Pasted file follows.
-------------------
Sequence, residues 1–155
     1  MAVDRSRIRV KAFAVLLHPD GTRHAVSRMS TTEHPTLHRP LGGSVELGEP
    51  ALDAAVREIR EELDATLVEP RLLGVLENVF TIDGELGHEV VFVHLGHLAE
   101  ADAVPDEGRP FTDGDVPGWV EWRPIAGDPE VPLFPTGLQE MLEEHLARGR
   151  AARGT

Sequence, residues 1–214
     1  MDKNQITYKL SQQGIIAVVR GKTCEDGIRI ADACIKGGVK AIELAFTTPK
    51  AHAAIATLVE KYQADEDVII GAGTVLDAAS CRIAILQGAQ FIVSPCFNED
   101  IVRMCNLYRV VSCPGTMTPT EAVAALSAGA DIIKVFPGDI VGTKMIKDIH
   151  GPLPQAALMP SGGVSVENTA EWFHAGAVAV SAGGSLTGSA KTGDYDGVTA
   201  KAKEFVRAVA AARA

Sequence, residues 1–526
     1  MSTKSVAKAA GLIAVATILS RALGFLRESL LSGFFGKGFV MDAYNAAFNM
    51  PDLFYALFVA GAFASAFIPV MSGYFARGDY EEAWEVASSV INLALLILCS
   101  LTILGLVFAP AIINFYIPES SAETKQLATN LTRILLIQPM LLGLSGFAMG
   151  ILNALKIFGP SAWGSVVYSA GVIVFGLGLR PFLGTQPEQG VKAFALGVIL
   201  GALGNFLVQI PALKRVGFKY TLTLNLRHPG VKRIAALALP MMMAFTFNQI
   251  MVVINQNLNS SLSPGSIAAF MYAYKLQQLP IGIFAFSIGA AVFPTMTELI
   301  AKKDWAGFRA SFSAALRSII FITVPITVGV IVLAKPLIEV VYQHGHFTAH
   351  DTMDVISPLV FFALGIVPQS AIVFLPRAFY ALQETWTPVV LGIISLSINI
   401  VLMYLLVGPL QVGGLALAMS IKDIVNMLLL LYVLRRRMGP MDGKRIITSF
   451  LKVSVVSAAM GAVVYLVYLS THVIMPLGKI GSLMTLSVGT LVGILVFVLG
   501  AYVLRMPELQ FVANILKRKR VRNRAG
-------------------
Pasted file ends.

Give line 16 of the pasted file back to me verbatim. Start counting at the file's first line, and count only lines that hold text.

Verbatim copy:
   151  ILNALKIFGP SAWGSVVYSA GVIVFGLGLR PFLGTQPEQG VKAFALGVIL